The earth is on an eccentric orbit. It's a small eccentricity (let's say e=0.01 https://www.wikiwand.com/en/Orbital_eccentricity) but it's there.
As it moves closer and farther from the sun the amount of energy being absorbed from the sun's light will change, and thus there will be a temperature shift dependant on earth's eccentricity (an "eccentric season")
The flux on earth and thus the rate it which it absorbs the sun's energy goes as r^-2, where r is the orbital radius. Thus the fractional change in flux is proportional to 4e. (taking into account the factor of 2 from the orbit ranging from a(1-e) to a(1+e) where a is the semi-major axis)
The effective temperature (assuming a blackbody) goes as (P)^0.25, where P is the incident power (= flux on earth * cross sectional area of earth).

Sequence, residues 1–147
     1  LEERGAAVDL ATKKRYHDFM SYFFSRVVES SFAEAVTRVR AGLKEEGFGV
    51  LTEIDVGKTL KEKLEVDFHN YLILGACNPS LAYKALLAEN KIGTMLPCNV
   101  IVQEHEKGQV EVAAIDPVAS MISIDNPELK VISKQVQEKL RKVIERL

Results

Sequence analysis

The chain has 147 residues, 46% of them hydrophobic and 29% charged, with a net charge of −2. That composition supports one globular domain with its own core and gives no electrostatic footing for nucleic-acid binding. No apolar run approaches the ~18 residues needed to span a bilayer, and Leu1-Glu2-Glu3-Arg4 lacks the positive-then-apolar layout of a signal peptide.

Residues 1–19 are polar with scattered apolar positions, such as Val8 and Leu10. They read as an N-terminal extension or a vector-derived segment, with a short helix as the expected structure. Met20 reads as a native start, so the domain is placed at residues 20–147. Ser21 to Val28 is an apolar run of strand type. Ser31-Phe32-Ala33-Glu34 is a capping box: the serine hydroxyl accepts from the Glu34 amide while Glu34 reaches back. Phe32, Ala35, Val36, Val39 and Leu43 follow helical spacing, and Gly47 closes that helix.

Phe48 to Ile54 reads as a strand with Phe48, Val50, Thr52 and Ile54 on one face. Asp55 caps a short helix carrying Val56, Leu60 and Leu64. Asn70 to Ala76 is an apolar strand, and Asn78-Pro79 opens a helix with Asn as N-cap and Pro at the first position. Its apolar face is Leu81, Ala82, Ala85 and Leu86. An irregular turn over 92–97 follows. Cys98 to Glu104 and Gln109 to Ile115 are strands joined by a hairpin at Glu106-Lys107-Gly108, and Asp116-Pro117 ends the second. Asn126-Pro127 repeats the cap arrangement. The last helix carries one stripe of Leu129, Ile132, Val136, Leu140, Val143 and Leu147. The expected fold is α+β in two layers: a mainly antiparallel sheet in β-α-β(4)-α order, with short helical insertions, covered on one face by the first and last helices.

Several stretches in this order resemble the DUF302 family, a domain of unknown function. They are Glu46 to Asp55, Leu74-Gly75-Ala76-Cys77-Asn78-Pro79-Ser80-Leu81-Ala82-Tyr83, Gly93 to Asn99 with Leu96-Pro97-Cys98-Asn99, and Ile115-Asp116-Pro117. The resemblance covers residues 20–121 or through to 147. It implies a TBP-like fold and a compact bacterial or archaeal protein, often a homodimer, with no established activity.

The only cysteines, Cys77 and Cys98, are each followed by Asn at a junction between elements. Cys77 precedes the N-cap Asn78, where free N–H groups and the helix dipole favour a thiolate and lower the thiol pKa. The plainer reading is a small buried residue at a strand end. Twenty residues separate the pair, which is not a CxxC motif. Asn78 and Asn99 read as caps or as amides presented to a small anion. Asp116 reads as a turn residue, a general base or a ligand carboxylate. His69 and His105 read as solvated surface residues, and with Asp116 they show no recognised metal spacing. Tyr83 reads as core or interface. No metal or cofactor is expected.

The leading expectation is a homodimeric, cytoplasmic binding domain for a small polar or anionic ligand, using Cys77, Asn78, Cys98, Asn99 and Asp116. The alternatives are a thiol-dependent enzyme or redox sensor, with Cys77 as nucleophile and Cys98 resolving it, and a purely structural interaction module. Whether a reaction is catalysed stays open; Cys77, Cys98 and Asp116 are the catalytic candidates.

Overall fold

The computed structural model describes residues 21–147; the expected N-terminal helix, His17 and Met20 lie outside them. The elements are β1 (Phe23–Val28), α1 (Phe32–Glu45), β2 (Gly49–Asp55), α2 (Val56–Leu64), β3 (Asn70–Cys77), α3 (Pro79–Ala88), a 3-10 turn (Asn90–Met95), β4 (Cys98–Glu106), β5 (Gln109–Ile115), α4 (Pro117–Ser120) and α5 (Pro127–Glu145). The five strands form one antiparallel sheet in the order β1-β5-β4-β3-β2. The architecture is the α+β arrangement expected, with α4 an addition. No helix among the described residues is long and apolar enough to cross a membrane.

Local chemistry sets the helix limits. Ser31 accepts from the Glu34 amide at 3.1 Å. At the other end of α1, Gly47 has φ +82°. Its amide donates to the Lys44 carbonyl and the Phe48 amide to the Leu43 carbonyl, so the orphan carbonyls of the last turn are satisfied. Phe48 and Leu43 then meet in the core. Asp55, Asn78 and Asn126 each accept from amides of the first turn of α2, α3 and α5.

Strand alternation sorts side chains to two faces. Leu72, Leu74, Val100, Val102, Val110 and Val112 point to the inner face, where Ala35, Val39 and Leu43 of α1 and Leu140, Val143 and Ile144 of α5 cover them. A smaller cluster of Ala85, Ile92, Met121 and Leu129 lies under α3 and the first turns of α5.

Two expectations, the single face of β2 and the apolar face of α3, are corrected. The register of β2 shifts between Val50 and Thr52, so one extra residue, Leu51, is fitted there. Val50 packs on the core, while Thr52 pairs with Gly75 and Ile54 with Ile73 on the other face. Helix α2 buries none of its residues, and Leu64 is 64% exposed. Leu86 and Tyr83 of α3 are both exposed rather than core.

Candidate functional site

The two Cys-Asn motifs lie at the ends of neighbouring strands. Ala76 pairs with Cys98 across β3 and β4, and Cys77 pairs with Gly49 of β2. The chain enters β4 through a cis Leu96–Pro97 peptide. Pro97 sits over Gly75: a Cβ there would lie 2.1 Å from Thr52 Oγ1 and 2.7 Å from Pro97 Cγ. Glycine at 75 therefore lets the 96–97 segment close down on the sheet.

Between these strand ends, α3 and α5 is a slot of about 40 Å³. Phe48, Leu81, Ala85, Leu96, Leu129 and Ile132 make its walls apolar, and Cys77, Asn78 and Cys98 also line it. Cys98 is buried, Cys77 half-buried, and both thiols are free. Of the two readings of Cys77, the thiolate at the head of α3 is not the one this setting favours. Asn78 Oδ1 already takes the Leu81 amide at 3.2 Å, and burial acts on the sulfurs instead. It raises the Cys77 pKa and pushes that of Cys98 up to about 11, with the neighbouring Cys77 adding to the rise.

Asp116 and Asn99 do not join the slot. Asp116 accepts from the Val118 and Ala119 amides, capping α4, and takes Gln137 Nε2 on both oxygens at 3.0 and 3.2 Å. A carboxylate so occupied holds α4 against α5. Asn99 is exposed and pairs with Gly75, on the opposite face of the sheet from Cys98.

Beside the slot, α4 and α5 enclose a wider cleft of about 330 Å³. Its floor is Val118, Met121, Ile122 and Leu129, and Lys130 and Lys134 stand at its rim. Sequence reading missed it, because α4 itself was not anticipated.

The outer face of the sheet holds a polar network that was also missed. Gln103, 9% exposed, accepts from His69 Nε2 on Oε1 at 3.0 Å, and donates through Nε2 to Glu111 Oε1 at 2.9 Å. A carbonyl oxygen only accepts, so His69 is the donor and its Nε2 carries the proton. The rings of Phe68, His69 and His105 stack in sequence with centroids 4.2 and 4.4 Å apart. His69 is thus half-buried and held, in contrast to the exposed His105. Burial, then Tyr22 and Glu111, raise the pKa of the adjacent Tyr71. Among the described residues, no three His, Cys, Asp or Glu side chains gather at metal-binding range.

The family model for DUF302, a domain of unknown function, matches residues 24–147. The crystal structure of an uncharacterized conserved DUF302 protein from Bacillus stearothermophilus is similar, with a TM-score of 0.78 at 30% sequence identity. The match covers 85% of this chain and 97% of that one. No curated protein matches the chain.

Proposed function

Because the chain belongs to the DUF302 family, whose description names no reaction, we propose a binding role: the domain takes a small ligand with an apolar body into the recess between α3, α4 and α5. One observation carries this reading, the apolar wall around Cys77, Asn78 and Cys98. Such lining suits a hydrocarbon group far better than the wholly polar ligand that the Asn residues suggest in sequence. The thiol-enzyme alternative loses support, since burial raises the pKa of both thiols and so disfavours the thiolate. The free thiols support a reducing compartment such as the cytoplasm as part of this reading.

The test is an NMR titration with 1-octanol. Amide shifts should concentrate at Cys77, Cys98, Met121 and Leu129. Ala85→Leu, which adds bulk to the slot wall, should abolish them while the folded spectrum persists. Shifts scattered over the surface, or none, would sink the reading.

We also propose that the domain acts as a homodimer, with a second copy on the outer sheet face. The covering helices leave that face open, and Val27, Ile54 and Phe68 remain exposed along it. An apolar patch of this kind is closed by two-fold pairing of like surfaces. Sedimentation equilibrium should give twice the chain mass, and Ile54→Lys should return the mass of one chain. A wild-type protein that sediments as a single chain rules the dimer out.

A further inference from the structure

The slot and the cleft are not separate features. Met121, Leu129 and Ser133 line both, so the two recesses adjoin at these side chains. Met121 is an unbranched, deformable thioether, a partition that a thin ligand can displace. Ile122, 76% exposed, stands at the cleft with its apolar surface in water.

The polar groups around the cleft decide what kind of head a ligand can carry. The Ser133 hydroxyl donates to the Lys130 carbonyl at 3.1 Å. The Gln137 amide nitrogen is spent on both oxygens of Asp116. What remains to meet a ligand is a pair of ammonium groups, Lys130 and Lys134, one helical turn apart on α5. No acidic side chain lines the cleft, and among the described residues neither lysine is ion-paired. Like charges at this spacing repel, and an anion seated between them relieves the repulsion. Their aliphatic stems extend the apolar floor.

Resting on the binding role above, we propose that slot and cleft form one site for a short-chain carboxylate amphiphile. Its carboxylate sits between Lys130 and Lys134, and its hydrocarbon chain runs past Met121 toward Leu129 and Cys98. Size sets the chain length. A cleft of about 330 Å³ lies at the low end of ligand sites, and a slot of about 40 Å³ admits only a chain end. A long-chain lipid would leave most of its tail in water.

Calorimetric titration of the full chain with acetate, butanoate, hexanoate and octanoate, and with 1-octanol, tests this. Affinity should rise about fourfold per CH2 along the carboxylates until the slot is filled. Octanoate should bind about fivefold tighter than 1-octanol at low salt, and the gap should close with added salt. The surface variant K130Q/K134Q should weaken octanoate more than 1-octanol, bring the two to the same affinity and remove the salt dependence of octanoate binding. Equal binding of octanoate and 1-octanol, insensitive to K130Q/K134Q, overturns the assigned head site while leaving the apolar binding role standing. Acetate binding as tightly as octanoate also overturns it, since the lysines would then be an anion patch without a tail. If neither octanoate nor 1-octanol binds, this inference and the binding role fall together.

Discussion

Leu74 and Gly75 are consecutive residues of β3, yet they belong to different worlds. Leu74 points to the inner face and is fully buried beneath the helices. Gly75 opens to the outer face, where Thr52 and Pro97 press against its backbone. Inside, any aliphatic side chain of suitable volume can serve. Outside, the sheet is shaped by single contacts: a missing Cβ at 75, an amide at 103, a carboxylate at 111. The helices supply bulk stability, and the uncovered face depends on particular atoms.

Thus, for small e the fractional change in temperature should be ~ e.
For Earth, with a temperature of roughly 300 K, this gives a 3 degree temperature shift over an orbit.
I'm not sure I've ever heard anyone talk about this, and it doesn't seem negligible (especially given that there are parts of the world where seasonal temperature changes only by about 10 degrees http://ggweather.com/sf/narrative.html).
So my three questions are:
a) Is the above logic correct, are there (small) "eccentric seasons"
b) Where would they occur, specifically what latitude if any has a boosted seasonal change?
c) Is this something talked about that has just passed me by (wouldn't be the first time)?